September 13th, 2011
Peters Township Council voted unanimously Monday to let a Washington County Court judge determine whether a referendum on a home rule-charter amendment seeking to ban natural gas drilling in the municipality is legal and can appear on the ballot in November.
About 2,400 registered township voters signed a petition presented Aug. 8 to Washington County Director of Elections Larry Spahr seeking the referendum on a home rule-charter amendment.
However, township solicitor William Johnson advised council the amended home rule charter would be illegal and would violate, among other things, the Oil and Gas Act, the township’s planning code, Pennsylvania and federal constitutions and prevailing decisions by appellate courts of the commonwealth regarding similar cases. If the court throws out the ordinance, Johnson said, the township would be left without protection and would be subject to significant claims.
Township residents in attendance disputed Johnson’s assertion and said they were told by their own legal counsel that if the referendum were passed and found to be illegal, a recently passed ordinance dealing with gas well drilling would go back into effect.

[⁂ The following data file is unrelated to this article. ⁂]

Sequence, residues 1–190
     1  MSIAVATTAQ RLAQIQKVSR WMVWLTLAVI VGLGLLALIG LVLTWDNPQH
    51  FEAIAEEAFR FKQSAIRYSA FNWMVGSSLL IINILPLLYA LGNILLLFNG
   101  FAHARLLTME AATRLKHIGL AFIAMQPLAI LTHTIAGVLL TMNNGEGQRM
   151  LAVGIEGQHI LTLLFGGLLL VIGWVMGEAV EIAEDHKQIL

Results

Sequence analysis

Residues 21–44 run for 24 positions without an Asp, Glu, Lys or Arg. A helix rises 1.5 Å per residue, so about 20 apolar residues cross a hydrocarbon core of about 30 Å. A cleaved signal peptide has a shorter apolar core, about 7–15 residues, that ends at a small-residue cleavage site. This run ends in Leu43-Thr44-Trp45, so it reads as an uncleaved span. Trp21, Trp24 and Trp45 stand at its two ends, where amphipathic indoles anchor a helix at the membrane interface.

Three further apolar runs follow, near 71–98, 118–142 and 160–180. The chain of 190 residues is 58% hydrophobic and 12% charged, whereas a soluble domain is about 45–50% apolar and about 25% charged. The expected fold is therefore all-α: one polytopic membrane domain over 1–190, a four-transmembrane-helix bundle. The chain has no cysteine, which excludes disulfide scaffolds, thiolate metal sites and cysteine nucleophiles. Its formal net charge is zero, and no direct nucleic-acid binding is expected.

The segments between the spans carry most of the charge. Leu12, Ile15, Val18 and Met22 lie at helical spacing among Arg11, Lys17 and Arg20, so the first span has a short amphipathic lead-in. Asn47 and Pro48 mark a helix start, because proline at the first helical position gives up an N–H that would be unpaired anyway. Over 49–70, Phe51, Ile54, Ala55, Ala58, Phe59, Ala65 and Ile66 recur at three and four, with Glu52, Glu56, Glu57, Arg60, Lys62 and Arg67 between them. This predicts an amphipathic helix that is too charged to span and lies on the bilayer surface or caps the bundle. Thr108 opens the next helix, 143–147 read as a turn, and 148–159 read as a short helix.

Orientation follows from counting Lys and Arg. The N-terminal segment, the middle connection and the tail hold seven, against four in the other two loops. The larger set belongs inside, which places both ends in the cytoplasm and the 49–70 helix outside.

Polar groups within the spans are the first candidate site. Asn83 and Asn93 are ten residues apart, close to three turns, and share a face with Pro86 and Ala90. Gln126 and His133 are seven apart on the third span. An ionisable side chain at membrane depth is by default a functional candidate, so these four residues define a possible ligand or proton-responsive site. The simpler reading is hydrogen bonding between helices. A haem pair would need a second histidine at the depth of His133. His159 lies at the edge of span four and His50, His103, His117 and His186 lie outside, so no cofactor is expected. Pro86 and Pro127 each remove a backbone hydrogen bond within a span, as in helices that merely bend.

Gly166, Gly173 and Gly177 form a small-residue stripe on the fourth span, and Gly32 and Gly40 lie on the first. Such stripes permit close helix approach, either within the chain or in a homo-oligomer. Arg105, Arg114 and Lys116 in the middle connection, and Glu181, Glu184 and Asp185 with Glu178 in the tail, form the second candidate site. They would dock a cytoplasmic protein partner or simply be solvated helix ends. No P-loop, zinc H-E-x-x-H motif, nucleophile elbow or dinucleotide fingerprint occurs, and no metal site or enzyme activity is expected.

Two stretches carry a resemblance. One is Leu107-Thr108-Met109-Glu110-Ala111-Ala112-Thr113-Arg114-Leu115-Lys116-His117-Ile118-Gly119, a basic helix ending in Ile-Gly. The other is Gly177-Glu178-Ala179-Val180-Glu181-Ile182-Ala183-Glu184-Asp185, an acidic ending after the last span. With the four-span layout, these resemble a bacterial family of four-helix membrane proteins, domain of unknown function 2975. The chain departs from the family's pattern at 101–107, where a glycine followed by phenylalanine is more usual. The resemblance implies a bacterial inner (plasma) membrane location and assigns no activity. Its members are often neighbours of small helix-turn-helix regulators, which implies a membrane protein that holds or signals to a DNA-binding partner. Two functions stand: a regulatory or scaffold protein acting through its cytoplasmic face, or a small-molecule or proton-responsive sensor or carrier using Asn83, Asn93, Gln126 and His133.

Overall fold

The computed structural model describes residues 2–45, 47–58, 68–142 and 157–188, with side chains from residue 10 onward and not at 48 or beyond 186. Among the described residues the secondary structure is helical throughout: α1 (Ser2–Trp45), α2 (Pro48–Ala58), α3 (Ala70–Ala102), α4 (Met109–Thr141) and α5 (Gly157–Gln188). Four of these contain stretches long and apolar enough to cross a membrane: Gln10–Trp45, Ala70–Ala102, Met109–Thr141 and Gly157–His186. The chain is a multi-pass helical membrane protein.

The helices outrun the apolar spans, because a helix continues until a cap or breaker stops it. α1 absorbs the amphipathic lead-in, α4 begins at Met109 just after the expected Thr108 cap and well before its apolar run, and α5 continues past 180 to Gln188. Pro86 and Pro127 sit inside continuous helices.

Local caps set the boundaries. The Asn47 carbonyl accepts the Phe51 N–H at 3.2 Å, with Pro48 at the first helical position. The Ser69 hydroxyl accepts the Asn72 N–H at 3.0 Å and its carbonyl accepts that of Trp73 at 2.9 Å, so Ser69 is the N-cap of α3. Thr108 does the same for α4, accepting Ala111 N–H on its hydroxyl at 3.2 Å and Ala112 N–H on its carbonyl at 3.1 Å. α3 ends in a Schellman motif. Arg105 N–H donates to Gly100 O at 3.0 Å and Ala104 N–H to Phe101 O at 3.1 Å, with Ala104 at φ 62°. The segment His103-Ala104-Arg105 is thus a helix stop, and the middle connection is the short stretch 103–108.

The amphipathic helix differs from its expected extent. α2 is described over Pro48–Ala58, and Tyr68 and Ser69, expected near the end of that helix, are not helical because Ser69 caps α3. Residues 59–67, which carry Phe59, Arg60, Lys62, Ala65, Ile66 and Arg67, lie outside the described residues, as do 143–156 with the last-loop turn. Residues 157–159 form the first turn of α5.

Said one resident, “The people have spoken and they want a chance to have a say on this. We urge you not to enjoin … we’re just putting it on the ballot. It doesn’t become an issue until it’s voted on. We could be no more vulnerable than we are now.”
Council gave Johnson the go-ahead to petition the court to enjoin and prohibit the election office from placing the questions on the ballot. Johnson said he will notify the election office, who was aware council might take the action, today.
Several council members said they opposed gas drilling in the municipality but voiced concern over the referendum.
Councilman Robert Lewis said the terms of the referendum had “no enabling legislation in support of it coming from the federal government or our state; we don’t have the authority to do what this is asking us to do.”
He also said he believes there is a significant difference between a challenge to a zoning ordinance the township adopted and the potential challenges to an illegal ordinance.
“I believe the question we need to know is, are we headed in the direction of a legal referendum question, and I say we should have that answered before it goes to the voters,” Lewis said.
Johnson said there is no timetable for when the court will make a decision, but he believes it will be mindful of the approaching election date.